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In the case of intestinal inflammation – i.e. gastroenteritis – the intestinal mucosa is usually irritated. The triggers for the irritation can be very different. As soon as inflammation occurs, the immune cells react to protect the body. However, this reaction results in symptoms such as severe abdominal pain or diarrhoea and sometimes vomiting.
Depending on the severity of the intestinal inflammation and the symptoms that occur, different measures may be appropriate. Medicine for intestinal inflammation is not always necessary – it always depends on who or what is responsible for the inflammation.
Intestinal inflammation is not equal to intestinal inflammation
With diarrhoea and abdominal pain probably everyone has already collected his experiences. These or similar complaints are not always caused by serious illnesses. Sometimes the food or too much stress simply hit you in the intestines. Viruses, bacteria or fungi can also be behind intestinal inflammation.
Causes of intestinal inflammation
Viruses are the most frequent cause of intestinal inflammation. However, the viral intestinal infection usually heals quickly. In the case of this mostly mild intestinal inflammation, medicine for intestinal inflammation is not always necessary. A lot of rest and sufficient drinking are usually sufficient.
Bakterien können ebenfalls Darmentzündungen auslösen. Sie sind jedoch seltener die Ursache – zum Glück, denn Darmentzündungen, die durch Bacteria can also cause intestinal inflammation. However, they are rarely the cause – luckily, because intestinal inflammations caused by bacteria often cause severe complaints. Doctors can prescribe antibiotics against bacteria. However, antibiotics not only kill the “bad” bacteria, they also kill useful ones. herefore, antibiotics should not be prescribed and taken hastily. Besides it is recommended to take special care of the intestinal flora after taking antibiotics.
Fungi can also trigger inflammation in the intestinal mucosa. The yeast Candida albicans is often the cause. If it reproduces too strongly, it is easier to have an inflammation. An intestinal inflammation caused by fungi causes rare diarrhoea. A watery stool is otherwise generally one of the most common symptoms of intestinal inflammation.
In some cases, however, the cause is actually disease, and those affected suffer regularly and over a long period of time from intestinal inflammation. Chronic inflammatory bowel diseases (IBD) such as Crohn’s disease and Ulcerative colitis are a common cause of discomfort. In both diseases the immune system reacts more strongly than normal; particularly pronounced inflammations and inflammatory reactions develop.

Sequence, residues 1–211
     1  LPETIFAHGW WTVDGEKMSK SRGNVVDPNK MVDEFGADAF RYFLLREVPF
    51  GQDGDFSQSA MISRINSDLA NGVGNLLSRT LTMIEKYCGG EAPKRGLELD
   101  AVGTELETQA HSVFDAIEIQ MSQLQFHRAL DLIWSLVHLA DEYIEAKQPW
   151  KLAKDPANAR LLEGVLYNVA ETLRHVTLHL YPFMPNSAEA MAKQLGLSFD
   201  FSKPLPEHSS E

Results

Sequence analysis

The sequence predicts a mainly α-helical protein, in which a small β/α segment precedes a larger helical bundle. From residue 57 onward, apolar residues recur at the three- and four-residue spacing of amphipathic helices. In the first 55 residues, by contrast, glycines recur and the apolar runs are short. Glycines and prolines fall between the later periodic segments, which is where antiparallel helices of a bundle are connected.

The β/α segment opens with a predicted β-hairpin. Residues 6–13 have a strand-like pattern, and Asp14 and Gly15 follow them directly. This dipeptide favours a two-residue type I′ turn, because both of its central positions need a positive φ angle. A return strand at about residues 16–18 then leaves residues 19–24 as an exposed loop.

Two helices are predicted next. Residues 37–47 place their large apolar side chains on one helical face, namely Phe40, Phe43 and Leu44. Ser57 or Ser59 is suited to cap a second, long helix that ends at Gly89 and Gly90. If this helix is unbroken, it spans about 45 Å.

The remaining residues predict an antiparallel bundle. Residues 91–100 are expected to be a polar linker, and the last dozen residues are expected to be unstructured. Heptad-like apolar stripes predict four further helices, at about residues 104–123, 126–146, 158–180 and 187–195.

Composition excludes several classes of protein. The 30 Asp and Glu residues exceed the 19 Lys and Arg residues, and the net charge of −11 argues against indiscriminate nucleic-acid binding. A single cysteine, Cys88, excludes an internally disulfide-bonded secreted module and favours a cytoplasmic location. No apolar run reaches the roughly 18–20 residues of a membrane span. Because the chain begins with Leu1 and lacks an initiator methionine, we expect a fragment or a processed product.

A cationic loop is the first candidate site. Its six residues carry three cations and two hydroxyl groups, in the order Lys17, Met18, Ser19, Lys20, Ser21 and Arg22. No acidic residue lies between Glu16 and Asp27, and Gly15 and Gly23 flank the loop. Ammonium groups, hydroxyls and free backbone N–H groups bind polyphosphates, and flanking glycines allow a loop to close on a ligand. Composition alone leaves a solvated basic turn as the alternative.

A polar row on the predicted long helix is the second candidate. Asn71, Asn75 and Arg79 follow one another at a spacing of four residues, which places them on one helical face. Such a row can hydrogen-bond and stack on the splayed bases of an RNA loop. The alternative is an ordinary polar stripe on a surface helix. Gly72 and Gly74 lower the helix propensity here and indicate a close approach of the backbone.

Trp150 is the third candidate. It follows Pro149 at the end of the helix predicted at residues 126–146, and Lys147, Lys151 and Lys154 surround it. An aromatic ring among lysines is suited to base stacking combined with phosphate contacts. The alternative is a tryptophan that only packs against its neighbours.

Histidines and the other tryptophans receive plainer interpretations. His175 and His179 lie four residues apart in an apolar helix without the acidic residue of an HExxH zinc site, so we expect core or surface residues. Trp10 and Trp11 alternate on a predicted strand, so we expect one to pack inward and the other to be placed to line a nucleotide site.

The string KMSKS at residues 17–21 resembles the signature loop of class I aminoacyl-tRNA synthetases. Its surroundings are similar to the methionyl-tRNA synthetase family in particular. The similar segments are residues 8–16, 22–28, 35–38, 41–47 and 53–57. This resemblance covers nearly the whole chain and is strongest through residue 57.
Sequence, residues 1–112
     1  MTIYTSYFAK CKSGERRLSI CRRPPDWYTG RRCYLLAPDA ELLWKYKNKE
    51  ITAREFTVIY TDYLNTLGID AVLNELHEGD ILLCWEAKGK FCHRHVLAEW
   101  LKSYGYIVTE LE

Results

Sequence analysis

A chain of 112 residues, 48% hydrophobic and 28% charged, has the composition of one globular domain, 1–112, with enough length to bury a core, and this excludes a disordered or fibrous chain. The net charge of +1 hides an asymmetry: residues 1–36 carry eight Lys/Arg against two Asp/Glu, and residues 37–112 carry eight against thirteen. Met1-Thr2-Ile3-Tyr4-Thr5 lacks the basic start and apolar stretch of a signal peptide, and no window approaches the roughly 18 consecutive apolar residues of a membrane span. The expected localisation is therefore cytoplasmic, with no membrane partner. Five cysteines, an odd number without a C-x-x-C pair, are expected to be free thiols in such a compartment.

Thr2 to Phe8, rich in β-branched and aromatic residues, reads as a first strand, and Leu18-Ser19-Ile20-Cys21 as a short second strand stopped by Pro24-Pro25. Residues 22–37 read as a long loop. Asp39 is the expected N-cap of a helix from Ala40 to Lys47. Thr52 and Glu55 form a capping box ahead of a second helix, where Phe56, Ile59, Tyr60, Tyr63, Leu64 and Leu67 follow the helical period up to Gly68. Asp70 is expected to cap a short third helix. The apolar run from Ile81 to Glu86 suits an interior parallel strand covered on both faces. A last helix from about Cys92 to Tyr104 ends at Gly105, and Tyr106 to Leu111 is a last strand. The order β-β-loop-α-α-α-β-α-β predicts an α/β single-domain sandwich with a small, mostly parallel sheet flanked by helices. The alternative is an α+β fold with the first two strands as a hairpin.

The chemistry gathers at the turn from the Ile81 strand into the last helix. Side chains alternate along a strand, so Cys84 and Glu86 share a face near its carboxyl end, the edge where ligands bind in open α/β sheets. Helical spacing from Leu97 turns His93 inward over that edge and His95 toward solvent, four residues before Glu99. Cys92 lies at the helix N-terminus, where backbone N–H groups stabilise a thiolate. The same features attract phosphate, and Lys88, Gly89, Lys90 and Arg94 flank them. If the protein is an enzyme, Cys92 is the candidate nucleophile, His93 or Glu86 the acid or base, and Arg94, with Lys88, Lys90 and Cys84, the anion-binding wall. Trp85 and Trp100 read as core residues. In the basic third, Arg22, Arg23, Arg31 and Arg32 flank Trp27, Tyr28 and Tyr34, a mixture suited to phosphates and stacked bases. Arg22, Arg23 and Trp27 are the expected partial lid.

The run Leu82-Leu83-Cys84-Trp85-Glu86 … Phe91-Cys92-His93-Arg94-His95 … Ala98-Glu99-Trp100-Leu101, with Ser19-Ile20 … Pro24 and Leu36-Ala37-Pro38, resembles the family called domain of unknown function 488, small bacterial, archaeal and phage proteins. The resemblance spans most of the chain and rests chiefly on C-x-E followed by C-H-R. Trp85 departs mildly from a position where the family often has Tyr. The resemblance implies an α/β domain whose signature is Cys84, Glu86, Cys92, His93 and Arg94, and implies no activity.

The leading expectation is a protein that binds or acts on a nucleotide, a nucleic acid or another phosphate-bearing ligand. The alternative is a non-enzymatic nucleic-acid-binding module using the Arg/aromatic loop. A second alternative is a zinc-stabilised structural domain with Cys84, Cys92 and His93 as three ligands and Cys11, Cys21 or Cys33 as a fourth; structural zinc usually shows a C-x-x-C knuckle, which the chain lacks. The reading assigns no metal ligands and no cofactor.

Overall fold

Those who suffer from these chronic intestinal inflammations must regularly take medication – even in phases in which the symptoms are hardly or not at all present. This involves the use of medicines with a wide variety of active ingredients, such as steroids, salicylates or antibiotics.
The condition of the intestinal flora largely influences the diet. If the balance in the intestine is disordered, bacteria that promote inflammation can sometimes reproduce. The good news: If the diet is the cause of your intestinal inflammation, you do not have to take any medication. In this case, the right food is the best long-term remedy for intestinal inflammation.
Because every bacterium likes to eat something different: If you starve the bacteria that can prevent inflammation, and feed others diligently for it, who on the contrary tend to cause anxiety, the consequences are quite predictable. That’s why your bowel – and your whole body in general – thanks you for balanced nutrition, so that all intestinal inhabitants get enough food. If there is a healthy balance in the intestine, inflammation or other complaints are less common.
Preventing intestinal inflammation without medicine
If you want to know more about the balance in your intestines, whether your intestinal flora is balanced and how you can help your good bacteria, have your intestinal flora analysed.
- Sicard, J. F., Le Bihan, G., Vogeleer, P., Jacques, M., & Harel, J. (2017). Interactions of Intestinal Bacteria with Components of the Intestinal Mucus. Frontiers in cellular and infection microbiology, 7, 387. https://doi.org/10.3389/fcimb.2017.00387
- Ouwerkerk, J. P., de Vos, W. M., & Belzer, C. (2013). Glycobiome: bacteria and mucus at the epithelial interface. Best practice & research. Clinical gastroenterology, 27(1), 25–38. https://doi.org/10.1016/j.bpg.2013.03.001
- Morrison, D. J., & Preston, T. (2016). Formation of short chain fatty acids by the gut microbiota and their impact on human metabolism. Gut microbes, 7(3), 189–200. https://doi.org/10.1080/19490976.2015.1134082
- Bhaskaran, N., Quigley, C., Paw, C., Butala, S., Schneider, E., & Pandiyan, P. (2018). Role of Short Chain Fatty Acids in Controlling Tregs and Immunopathology During Mucosal Infection. Frontiers in microbiology, 9, 1995. https://doi.org/10.3389/fmicb.2018.01995
- Wehkamp, J., Götz, M., Herrlinger, K., Steurer, W., & Stange, E. F. (2016). Inflammatory Bowel Disease: Crohn’s disease and ulcerative colitis. Deutsches Aerzteblatt Online. doi: 10.3238/arztebl.2016.0072
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